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Intermediary under the Information and Technology Act, 2000

  • Intermediary under the Information and Technology Act, 2000

    Date : 18-07-2018 11:02

    Intermediary under the Information and Technology Act, 2000

    Introduction:

    India is the second largest online market with over 460 million internet users. Now, a day’s Internet can be assessed very easily. We live in a society which is connected through phone and internet. These data generated through computers, internet or phone is handled by some entities. These entities are internet service providers, mobile service providers and many more. With the increase in the use of these data, the importance of service providers have also increased and these providers of services are intermediaries. Gmail, Rediffmail, and others are examples of email service providers. In terms of search engines, Google and Yahoo are intermediaries. These intermediaries provide services which enable the delivery of online content to the final/end consumer. The Information Technology, 2000 regulates internet intermediaries under the term Intermediary. The definition was inserted by IT (Amendment) Act, 2008 which has replaced the definition of the original Act and clarified its definition by including Telecom service providers, internet service providers, and web-hosting service providers. Section: 2 (1) (w) of IT Act, 2000 defines Intermediary as any person who on behalf of another person receives stores or transmits the electronic message or provides any service with respect to that message.

    Section: 79 of the Act explain the liability of intermediaries in which it exempts them from being liable for any third party information, data or communication link made by them. This protection was given on demand of the industries after the case of Avnish Baj, the CEO of Baazee.com who got arrested for an obscene MMS clip that was put by the user on the website.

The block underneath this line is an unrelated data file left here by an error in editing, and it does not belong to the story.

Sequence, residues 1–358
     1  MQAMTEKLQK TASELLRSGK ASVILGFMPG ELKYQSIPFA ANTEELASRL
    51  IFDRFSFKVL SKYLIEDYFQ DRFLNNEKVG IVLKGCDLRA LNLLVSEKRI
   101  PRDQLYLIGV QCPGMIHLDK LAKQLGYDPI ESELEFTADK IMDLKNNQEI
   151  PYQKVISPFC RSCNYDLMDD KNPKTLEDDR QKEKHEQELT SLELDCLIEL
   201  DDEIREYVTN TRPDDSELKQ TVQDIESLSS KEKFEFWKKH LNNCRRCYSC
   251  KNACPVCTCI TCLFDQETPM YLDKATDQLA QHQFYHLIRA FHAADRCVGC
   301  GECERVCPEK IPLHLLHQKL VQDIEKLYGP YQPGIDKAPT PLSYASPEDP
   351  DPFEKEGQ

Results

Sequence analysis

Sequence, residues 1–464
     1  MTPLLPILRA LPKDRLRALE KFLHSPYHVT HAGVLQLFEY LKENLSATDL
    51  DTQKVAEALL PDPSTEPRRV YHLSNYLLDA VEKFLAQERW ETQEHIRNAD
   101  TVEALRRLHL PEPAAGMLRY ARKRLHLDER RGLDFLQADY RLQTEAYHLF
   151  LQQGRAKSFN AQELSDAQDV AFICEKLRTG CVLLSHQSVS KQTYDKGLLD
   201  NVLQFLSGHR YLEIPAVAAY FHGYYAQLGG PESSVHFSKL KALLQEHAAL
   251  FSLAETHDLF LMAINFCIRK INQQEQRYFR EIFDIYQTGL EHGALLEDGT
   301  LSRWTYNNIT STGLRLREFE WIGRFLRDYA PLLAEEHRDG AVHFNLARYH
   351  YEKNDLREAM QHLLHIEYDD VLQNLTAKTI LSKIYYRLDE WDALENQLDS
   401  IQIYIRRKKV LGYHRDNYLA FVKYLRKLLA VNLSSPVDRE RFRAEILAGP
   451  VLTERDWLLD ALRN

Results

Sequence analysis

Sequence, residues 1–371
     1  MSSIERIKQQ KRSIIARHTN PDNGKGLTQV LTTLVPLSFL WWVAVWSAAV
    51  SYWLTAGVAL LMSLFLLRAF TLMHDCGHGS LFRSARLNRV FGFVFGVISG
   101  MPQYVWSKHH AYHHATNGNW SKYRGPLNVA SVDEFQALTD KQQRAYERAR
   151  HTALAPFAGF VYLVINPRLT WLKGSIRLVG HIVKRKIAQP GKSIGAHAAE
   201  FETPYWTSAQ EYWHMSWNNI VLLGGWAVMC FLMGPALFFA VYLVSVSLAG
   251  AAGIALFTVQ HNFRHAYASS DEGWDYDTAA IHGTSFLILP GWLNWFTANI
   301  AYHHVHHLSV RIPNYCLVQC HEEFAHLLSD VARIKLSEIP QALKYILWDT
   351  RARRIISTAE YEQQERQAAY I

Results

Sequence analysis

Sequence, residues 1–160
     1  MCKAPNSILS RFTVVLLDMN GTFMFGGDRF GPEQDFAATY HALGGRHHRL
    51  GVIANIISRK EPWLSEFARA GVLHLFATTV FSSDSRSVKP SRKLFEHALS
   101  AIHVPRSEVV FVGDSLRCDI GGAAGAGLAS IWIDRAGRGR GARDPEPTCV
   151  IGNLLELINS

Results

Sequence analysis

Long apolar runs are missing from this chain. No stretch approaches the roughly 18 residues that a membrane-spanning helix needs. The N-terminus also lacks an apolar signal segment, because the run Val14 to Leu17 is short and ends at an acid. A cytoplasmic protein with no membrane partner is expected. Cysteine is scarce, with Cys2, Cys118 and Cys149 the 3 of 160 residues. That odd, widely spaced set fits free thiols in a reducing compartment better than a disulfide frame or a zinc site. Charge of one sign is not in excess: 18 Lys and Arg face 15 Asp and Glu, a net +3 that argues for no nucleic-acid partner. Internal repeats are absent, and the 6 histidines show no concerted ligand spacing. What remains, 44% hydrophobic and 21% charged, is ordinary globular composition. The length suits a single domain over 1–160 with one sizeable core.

The Delhi High Court in 2011 in case of Super Cassettes Industries Ltd. v. Myspace Inc. & Anr. through its division bench held that intermediaries will be liable only when they will be having any actual or specific knowledge and not constructive knowledge of the existence of infringing content on their website. Further, it was also held that intermediaries are not obligated to continuously spot and remove such contents which are being uploaded on their websites. They only serve as a conduit between users for sharing of the information. The same was reiterated in the case of Kent RO Systems Ltd. & Anr. v. Amit Kotak & Ors. in 2017 by Delhi High Court.

    The decisions have been given in a positive step which ensures the protection of intermediaries as clarified by the judgments of Delhi High Court. They are only obligated to remove any infringing content on receipt of notification from a Government authority or order from a court. Such content has to be removed within 36 hours of receipt of such notification or order.  It was also made clear that intermediary screening the content on a daily basis is not advisable as they are ill-equipped to fulfill such obligations and further it will negatively impact their day-to-day business operations.   

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